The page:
Ex-Occupy student leader seen on the cards for DC race, and more

April 25, 2019 12:36
There has been talk that former student leader Lester Shum may be eyeing a seat in the Tsuen Wan District Council and possibly also serve as lawmaker Eddie Chu’s ‘Plan B’ candidate in the 2020 Legco race. Photo: HKEJ

As various political groups prepare for the District Council elections, which are due in November this year, there has been a lot of talk recently that Lester Shum Ngo-fai, former deputy secretary general of the Hong Kong Federation of Students (HKFS) and a key Occupy Movement activist, may be planning to enter the race.

There is speculation that Shum may be eyeing a seat representing the Hoi Bun constituency of the Tsuen Wan District Council.

If that indeed becomes a reality, the former student leader will have to take on a very tough rival, Chow Ping-tim, who has been holding the Hoi Bun DC seat continuously since 1991.

Besides, it is understood that Marcus Mok Yuen-kwan, assistant of Democratic Alliance for the Betterment and Progress of Hong Kong lawmaker and Tsuen Wan District Councilor Ben Chan Han-pan, is also looking to compete for the Hoi Bun seat.

If that happens, Shum will have to go head to head with two opponents at the same time in the November race.

Meanwhile, as a member on the campaign team of pro-democracy lawmaker Eddie Chu Hoi-dick, there is talk that Shum is a potential “Plan B” candidate for Chu in the 2020 Legislative Council election if the latter is barred from running.

There is indeed basis for such speculation as Chu is believed to be at the risk of seeing his candidacy, if he does decide to contest, get rejected by election authorities due to his political stance.

Last year, Chu was banned from running in a rural representative election by the returning officer. Chu’s answers to questions regarding his stance toward Hong Kong's political future, “when viewed objectively, can be understood as implicitly confirming that he supports that independence could be an option for Hong Kong people,” according to the notice of decision by the returning officer, as he barred Chu from the race.

Given that, it is predicted among the political circles that Chu is likely to be banned from seeking re-election in the 2020 Legco race, which explains why he has to start looking for a “Plan B” candidate right now in case that worst-case scenario takes place.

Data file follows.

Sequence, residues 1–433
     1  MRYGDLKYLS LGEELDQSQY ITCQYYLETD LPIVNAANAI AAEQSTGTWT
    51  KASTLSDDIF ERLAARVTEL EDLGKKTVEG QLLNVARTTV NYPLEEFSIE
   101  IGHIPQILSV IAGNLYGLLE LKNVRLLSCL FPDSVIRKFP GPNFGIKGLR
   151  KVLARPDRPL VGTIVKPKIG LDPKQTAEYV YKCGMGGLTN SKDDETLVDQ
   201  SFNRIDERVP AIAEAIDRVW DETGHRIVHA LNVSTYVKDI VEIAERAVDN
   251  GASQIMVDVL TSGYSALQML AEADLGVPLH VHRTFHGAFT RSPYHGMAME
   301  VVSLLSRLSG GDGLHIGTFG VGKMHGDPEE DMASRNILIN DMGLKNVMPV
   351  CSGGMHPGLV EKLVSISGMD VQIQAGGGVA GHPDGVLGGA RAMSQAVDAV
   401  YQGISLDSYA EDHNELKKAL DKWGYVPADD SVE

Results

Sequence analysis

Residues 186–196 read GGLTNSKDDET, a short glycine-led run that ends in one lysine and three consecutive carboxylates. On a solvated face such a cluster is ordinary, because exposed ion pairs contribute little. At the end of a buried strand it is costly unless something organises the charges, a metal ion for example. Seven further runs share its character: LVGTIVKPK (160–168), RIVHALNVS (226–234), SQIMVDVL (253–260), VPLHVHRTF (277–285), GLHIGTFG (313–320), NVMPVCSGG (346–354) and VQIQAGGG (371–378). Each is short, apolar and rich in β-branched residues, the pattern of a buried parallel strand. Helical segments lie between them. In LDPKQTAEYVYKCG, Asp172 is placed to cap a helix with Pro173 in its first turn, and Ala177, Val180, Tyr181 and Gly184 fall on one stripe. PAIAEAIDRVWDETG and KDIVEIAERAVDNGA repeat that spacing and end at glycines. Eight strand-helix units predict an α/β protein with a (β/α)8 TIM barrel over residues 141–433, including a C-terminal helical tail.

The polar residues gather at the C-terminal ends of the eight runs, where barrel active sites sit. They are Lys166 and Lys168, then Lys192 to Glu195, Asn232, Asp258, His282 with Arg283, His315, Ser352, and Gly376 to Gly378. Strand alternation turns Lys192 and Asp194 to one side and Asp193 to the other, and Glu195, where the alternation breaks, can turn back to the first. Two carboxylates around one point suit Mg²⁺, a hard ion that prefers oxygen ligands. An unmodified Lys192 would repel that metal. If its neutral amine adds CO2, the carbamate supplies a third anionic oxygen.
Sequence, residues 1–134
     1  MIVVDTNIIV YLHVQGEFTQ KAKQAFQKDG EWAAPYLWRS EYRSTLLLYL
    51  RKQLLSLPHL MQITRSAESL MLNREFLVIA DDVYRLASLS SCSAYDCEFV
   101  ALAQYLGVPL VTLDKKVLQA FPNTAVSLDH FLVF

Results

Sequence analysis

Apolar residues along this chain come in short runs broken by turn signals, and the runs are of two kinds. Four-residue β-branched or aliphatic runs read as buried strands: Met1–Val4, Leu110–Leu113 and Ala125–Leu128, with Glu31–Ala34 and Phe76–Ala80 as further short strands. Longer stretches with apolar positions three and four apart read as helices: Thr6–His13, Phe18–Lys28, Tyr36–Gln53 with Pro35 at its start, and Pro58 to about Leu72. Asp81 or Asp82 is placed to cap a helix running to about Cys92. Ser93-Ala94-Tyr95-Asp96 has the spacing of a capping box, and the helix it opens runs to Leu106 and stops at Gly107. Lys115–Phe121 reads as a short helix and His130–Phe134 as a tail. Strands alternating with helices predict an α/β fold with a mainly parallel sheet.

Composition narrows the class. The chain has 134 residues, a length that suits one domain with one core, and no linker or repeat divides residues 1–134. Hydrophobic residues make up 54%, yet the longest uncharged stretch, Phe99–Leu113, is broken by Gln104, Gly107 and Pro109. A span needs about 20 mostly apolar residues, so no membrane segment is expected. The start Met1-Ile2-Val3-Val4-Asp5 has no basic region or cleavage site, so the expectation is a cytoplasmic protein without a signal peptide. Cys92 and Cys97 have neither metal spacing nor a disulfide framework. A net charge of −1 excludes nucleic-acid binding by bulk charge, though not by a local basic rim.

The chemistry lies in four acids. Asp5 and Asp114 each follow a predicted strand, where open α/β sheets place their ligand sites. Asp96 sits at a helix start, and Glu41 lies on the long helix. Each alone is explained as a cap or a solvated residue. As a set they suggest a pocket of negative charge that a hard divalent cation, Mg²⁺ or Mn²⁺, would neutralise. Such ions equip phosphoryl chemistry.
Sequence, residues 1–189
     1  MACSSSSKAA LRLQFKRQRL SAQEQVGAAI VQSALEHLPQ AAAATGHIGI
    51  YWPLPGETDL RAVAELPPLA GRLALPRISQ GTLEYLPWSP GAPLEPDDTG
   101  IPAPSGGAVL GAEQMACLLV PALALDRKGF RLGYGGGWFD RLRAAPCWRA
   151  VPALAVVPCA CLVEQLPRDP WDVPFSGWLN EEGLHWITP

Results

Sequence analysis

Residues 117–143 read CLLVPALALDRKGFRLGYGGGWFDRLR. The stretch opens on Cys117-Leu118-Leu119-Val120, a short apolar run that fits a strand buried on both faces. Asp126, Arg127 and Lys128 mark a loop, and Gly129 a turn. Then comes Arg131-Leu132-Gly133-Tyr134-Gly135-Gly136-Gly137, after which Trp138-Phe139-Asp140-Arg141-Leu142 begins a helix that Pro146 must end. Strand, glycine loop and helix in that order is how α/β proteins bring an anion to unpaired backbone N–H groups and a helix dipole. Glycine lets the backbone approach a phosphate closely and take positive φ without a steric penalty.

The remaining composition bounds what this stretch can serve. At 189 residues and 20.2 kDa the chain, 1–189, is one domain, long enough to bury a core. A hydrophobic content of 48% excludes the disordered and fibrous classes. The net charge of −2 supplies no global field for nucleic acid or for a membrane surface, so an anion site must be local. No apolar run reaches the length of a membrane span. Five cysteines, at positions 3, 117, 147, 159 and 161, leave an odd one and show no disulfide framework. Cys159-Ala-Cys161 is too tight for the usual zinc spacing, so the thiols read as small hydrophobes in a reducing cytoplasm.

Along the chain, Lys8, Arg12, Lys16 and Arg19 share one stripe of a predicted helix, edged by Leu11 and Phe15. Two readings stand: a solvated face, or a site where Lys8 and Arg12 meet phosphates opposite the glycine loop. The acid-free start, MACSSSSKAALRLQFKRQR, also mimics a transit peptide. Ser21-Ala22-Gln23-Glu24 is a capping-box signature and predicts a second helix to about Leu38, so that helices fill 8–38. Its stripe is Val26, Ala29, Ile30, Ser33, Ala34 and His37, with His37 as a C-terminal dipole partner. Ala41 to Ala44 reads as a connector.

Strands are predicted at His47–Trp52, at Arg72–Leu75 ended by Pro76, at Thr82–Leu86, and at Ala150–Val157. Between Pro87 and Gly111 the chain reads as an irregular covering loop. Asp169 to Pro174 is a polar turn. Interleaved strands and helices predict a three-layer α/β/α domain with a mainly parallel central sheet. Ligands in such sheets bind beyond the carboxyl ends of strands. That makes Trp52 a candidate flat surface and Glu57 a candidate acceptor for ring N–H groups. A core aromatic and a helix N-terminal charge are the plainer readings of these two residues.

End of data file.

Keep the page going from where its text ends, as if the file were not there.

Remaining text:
At present, Shum and former HKFS secretary general Eddie Chan Shu-fai are both likely to be on top of Chu’s list of potential “Plan B” candidates given their relative public recognition.

However, both Shum and Chu have told us that they are currently staying focused entirely on the DC election at this point, and that it is too early to think about the arrangement for the 2020 Legco race.

Now, we must remember that it isn’t the first time that there has been talk that Shum is interested in running for Legco. Ahead of the Legco by-election for Kowloon West in March last year, there had been chatter that Shum could serve as pan-democratic contender Edward Yiu Chung-yim’s “Plan B” candidate.

There was also talk, at one point, that Council Front lawmaker Claudia Mo Man-ching intended to pick Shum as her successor.

Shum, however, had denied both those claims.

Coming to the 2020 Legco contest, a source has told us that Yiu, a former pan-democratic lawmaker who had represented the architectural, surveying, planning and landscape sector in the Legco functional constituency and who lost the March 11, 2018 by-election by a razor-thin margin, is also on Chu’s “Plan B” list this time.

Nevertheless, Yiu, who has claimed to be now holding a paid position in Chu’s office, said the only thing he is focusing on at this stage is to campaign for his teammates in the upcoming DC election.

As such, people shouldn’t be wasting their time speculating as to whether he is on Chu’s “Plan B” list or not, Yiu said.

This article appeared in the Hong Kong Economic Journal on April 23

Translation by Alan Lee

[Chinese version 中文版]

– Contact us at [email protected]


Columnist of Hong Kong Economic Journal.